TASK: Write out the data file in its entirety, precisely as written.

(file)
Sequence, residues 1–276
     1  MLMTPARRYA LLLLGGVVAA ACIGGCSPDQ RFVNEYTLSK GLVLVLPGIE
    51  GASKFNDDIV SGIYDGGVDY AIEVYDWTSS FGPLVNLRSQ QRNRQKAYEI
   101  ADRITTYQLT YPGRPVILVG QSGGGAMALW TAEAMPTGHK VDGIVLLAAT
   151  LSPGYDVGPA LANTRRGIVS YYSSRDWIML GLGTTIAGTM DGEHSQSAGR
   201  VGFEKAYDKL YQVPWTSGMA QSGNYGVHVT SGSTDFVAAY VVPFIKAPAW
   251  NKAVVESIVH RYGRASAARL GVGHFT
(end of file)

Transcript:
Sequence, residues 1–276
     1  MLMTPARRYA LLLLGGVVAA ACIGGCSPDQ RFVNEYTLSK GLVLVLPGIE
    51  GASKFNDDIV SGIYDGGVDY AIEVYDWTSS FGPLVNLRSQ QRNRQKAYEI
   101  ADRITTYQLT YPGRPVILVG QSGGGAMALW TAEAMPTGHK VDGIVLLAAT
   151  LSPGYDVGPA LANTRRGIVS YYSSRDWIML GLGTTIAGTM DGEHSQSAGR
   201  VGFEKAYDKL YQVPWTSGMA QSGNYGVHVT SGSTDFVAAY VVPFIKAPAW
   251  NKAVVESIVH RYGRASAARL GVGHFT